Today, digital business is on everybody’s mind. But while marketing and information technology quickly come to mind, few are aware that digital technologies are also about to fundamentally change the management and design of supply chains.
The objective of supply chain management is to have the products and services available to the customer at the right time, in the right quantity, and at the right cost. But the traditional ways through which products and services are made available to the customer is set to be profoundly affected by new technologies.
There are three areas where digital technologies currently play a disruptive role: Business to Consumer (B2C) delivery models, omni-channel retailing, and industrial manufacturing (and logistics) are set to be transformed by what is often referred to as Industry 4.0.
B2C Delivery Models
When Amazon revealed Prime Air, a future delivery service of customer orders by drone, it attracted widespread attention from the public. Others are working on the same technology. DHL runs a drone delivery service to the German island Juist. And start-up QuiQui is working on a service delivering medicine by drone directly to patients’ homes.
Drones are only one of many innovations in the sphere of B2C delivery. DHL, Amazon, and Audi currently pilot a delivery service where parcels are delivered into the trunk of the customer’s car. Audi provides tracking and access technology for its cars while DHL is in charge of the delivery.
Even more innovation is expected from crowd delivery, which concerns the delivery of parcels by non-professionals. Walmart was probably one of the first to launch a crowd delivery program through which customers gain redeamable points by delivering online orders to neighbors. Other players such as RideShip or Myways are offering crowd delivery, independent of any retailer, where anyone can sign up to deliver parcels.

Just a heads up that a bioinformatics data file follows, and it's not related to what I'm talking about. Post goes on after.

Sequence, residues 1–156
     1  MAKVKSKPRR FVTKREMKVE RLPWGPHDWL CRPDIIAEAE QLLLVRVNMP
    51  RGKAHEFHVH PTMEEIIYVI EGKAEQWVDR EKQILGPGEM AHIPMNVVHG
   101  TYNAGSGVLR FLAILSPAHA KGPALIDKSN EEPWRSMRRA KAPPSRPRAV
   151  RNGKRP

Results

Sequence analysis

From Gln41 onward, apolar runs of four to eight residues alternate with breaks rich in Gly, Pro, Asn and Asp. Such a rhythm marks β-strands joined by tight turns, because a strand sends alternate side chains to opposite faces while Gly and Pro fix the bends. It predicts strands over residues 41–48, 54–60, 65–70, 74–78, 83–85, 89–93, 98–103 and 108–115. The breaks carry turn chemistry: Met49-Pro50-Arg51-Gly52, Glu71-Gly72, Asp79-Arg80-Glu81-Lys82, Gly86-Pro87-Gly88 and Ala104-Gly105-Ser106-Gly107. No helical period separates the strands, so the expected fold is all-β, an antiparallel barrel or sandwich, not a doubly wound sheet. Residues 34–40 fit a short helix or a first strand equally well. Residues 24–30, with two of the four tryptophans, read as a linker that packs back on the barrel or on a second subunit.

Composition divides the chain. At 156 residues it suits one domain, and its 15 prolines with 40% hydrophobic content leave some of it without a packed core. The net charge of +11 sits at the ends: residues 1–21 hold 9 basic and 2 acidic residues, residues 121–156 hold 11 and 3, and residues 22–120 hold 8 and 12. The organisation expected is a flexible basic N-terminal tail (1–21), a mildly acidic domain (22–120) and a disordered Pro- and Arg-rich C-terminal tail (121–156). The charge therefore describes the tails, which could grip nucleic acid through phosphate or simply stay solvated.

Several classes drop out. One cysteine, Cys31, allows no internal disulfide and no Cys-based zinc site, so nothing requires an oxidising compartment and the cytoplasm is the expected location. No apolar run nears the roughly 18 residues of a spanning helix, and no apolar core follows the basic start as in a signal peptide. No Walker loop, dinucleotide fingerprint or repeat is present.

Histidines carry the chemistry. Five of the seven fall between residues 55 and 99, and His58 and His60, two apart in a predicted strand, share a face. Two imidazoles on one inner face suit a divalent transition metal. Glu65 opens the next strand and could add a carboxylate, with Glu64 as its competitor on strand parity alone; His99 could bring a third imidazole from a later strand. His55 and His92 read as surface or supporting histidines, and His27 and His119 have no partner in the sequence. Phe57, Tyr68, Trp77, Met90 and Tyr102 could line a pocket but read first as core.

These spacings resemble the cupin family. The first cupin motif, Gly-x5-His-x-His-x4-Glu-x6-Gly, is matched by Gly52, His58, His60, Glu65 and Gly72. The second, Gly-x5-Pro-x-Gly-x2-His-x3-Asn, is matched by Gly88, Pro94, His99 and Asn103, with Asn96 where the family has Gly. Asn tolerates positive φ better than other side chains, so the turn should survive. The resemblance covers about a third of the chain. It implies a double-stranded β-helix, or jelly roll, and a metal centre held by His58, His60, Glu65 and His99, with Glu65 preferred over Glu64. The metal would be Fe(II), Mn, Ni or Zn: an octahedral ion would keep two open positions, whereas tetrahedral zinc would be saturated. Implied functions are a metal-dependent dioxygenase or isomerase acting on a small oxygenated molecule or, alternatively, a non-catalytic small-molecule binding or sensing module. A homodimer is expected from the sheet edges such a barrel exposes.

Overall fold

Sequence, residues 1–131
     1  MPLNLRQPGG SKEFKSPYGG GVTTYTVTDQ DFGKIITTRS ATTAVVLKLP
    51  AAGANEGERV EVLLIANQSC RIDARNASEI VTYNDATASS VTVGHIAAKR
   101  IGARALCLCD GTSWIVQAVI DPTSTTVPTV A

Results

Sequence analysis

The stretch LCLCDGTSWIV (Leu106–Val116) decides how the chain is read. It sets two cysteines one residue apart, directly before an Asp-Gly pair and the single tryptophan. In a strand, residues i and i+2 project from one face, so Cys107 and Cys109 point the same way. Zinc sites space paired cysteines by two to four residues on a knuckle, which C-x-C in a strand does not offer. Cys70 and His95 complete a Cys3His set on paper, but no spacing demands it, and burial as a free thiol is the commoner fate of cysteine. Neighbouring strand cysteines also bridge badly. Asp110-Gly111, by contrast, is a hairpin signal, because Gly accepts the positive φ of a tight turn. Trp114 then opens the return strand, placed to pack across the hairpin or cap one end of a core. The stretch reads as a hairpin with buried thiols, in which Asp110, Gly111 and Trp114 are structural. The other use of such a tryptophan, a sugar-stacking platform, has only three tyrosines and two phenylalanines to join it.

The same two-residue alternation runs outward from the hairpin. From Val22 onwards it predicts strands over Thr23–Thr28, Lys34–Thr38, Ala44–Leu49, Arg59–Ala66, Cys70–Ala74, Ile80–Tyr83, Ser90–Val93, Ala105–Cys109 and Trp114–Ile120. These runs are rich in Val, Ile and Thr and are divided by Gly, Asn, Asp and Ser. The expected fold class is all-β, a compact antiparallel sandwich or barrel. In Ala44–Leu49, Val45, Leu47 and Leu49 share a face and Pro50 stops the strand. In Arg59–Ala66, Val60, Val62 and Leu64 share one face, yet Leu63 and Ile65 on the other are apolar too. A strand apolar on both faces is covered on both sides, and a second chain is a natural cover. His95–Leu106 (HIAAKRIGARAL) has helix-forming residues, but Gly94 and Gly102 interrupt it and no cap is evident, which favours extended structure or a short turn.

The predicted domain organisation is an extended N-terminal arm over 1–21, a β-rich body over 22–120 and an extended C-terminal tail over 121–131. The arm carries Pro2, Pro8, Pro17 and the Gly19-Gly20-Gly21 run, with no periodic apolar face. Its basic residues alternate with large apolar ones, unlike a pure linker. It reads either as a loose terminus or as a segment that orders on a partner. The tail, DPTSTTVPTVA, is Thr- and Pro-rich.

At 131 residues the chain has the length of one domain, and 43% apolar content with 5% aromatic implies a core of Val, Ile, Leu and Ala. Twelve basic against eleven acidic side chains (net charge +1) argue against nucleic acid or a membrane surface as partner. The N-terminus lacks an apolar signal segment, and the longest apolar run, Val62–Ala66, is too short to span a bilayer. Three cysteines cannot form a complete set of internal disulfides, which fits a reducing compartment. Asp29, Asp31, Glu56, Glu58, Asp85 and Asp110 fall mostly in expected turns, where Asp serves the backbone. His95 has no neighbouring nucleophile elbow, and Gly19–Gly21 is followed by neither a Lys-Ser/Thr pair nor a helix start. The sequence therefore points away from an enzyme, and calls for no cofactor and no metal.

One might argue that participative delivery services never reach the same level of quality as professional delivery companies like La Poste or UPS. But crowdsourcing models - like AirBnB and Uber - have already successfully transformed their respective industries. And hybrid models may bridge the gap. The French startup DelEasy crowd-delivers shopping orders with semi-professional staff, thus combining the advantages of the sharing economy with those of professional delivery companies.
While retailers have implemented multi-channel concepts in the last decade, these channels have not always been integrated. At many retailers, the e-commerce channel is separated from the brick-and-mortar business, and every channel has a separate supply chain.
In omni-channel retailing, all channels through which a retailer interacts with the consumer are integrated, be it internet, smart phone, or a physical store. IKEA shows the inventory level of its products in each store on its website. And the French sports retailer Decathlon allows its customers to buy products online that are available in a specific store. The order can be picked up by the customer or even be delivered directly from the store. Products that were bought online can be returned to any physical store and vice versa.
Omni-channel integration necessitates a new way of thinking for supply chain managers, who are used to consider inventory warehouse-by-warehouse with separate information systems. With omni-channel retailing, the network of stores becomes one integrated virtual warehouse and traditional logistics flows from warehouse to store are complemented with a multitude of micro flows from store to customer and back from the customer to the warehouse.